The Moscow Files: Apartment Hunting

We land in Moscow for our voyage de reconnaissance, the obligatory 10-day trip arranged by Jul’s company to our next posting before the actual relocation, meant for scoping out schools, choosing a district to live in, visiting potential apartments, and whatnot. It is 10 days before Christmas, and about 18 degrees lower than Shanghai. Julien meets us at the airport; on the drive to the city I stare at the unfamiliar letters splashed across buildings and listen to the incomprehensible language blaring over the van’s speakers. 

We head to the hotel, deposit our bags, freshen up. Jul, familiar with the city he’s been schlepping to and from for almost two years, suggests a nearby restaurant for dinner. We step outside and Jesus, the cold. But the city, it’s so pretty, with storefronts dressed in fairy lights and Christmas decorations. Not sure why, but this particular district seems to be inhabited by hipsters. I mention this to Jul. “It’s a great district,” he says, and while I don’t see the connection I make a mental note to revisit.

The next day we get down to apartment-hunting business. Our agent – tall, impeccably-dressed, blessed with smooth poreless skin, and totally stable on her feet given the heel height of her shoes – goes over the list of apartments she emailed me a few days ago, and tells me to be quick, ruthless, decisive. “You don’t like the apartment? You do this…” (she shakes her head imperceptibly) “…and we leave,” she says. Copy that.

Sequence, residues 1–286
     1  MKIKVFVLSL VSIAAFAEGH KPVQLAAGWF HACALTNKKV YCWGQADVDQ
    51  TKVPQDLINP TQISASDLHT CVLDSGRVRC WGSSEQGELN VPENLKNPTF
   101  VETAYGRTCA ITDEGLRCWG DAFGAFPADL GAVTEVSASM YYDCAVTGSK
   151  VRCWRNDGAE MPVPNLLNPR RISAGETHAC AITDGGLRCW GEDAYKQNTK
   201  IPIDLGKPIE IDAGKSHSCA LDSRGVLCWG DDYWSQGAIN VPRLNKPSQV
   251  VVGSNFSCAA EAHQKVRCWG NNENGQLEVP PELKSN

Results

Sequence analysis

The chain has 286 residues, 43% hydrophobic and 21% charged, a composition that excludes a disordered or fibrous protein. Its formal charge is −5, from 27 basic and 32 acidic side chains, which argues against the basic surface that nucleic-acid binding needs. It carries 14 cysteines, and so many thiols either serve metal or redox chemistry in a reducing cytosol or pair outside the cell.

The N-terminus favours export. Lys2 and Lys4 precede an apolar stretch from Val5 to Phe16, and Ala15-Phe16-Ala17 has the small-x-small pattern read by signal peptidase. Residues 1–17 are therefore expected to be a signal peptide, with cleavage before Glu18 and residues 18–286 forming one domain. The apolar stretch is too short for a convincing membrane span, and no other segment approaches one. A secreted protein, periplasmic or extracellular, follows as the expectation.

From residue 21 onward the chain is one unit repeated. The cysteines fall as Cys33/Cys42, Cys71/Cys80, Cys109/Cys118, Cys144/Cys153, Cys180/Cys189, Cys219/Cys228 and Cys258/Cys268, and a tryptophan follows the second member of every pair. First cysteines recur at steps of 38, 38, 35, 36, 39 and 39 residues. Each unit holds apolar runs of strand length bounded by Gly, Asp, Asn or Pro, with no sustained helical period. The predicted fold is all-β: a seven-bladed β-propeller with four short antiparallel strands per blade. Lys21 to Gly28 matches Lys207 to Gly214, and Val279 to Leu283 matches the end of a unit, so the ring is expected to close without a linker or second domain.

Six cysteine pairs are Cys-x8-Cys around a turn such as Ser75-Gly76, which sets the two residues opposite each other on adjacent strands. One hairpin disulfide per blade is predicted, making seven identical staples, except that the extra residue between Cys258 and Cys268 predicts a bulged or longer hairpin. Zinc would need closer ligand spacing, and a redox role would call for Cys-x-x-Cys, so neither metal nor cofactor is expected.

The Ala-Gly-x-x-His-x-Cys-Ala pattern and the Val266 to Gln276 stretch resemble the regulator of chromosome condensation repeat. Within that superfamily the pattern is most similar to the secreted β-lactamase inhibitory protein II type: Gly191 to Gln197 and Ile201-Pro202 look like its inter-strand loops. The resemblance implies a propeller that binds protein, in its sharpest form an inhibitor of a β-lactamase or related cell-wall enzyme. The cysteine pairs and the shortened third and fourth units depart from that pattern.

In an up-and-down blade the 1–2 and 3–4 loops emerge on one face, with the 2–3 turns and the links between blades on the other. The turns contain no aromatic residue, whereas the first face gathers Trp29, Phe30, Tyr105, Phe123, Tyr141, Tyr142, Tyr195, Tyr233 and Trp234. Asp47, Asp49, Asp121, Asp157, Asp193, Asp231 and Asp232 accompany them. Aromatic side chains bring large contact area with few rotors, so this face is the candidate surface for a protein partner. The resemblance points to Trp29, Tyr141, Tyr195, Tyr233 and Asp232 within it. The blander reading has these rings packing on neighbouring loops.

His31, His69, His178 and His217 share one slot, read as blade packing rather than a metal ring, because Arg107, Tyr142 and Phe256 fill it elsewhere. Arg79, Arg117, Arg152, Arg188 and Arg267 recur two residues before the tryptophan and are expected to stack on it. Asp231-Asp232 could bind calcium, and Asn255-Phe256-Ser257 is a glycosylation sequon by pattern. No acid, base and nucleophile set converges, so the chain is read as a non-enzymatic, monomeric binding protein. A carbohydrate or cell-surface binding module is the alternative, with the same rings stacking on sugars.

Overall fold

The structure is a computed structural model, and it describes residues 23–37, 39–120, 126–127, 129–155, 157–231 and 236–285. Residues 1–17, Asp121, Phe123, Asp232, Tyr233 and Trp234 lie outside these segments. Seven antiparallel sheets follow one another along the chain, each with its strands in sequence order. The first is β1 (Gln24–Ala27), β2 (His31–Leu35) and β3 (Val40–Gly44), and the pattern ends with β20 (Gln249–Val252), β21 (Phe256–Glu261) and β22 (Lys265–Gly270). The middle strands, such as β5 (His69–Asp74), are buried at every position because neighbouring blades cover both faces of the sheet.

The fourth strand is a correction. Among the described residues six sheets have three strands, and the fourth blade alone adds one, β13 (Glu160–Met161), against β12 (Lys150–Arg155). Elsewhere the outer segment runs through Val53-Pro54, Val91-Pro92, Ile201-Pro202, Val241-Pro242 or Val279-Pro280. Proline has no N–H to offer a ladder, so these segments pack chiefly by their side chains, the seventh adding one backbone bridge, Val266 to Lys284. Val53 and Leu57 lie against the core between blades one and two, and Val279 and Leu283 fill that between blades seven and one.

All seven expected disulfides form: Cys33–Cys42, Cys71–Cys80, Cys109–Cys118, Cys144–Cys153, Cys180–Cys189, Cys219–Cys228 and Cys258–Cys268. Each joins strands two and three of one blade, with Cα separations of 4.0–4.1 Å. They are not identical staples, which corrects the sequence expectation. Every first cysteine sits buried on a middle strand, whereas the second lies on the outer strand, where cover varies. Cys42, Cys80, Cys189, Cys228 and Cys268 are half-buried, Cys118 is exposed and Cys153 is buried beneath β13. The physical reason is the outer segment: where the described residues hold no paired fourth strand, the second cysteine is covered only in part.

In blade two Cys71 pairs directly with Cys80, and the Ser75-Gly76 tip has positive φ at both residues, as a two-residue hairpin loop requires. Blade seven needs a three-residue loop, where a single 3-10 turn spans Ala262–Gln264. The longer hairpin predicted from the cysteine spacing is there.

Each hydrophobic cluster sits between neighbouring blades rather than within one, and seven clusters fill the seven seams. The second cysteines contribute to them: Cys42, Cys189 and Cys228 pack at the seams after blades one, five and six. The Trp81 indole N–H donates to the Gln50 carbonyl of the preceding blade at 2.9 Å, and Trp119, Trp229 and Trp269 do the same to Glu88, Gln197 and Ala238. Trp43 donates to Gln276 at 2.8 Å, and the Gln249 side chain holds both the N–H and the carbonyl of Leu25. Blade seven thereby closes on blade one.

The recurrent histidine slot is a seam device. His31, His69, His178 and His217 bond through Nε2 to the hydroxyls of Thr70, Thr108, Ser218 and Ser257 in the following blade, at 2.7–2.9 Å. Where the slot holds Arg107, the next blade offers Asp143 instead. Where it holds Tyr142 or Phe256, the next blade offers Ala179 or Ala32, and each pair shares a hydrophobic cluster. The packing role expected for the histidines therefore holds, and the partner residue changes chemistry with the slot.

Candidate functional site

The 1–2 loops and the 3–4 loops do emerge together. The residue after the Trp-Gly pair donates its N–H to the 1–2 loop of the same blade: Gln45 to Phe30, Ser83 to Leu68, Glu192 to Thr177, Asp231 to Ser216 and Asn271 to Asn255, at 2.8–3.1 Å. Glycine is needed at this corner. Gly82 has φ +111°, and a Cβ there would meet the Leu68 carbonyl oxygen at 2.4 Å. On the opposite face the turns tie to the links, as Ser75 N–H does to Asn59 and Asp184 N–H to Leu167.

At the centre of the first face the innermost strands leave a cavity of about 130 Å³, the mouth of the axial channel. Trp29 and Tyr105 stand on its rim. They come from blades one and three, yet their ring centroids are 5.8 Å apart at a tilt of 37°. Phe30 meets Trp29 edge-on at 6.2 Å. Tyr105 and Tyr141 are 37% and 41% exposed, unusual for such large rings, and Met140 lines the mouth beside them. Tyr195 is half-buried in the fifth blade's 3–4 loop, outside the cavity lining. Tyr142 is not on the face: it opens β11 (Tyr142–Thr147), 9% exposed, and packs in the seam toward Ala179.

The apartments we view are either absolutely kitsch (Roman columns flanking a bedroom, dreary wall tapestries), completely fictionalized (the visit sheet shows a modern and bright three-bedroom flat which in reality is a cramped two-bedroom joke), or downright creepy (drawn curtains, suspicious smells, an actual Harry Potter-like room). I find my head shakes to the agent getting more and more emphatic with each visit. 

The next morning we have a free day, so we head to the Red Square. The colors are washed out against the gray envelope of sky, but impressive nonetheless. Snow starts to fall. We duck into the GUM shopping mall just next to it and order hot chocolates to warm us up. We head over to Chistye Prudy, where the French school is, and walk around to familiarise ourselves with the lay of the land. People are ice-skating on a frozen pond. Children are eating ice cream, which I find absolutely insane.

Back at the hotel, a few days later, I email the agent an apartment listing that looks promising, found on a local real estate website. After a few minutes she calls back – we can visit it the next evening. 

We luck out. The apartment is on Trubnaya Ulitsa — a fifteen-minute walk from the Bolshoi Theatre, twenty to the Red Square. The street is lined with bars and restaurants, a pharmacy at the corner, numerous coffeeshops. Two metro stations in close proximity. There is a grocery store next door to the building. We enter and immediately I know this is it, and when I say this to the agent she smiles – the first smile since I met her – and says, “Is a good find, yes. I’ll work hard to get this for you.” Before the ten days are up, the apartment is ours.

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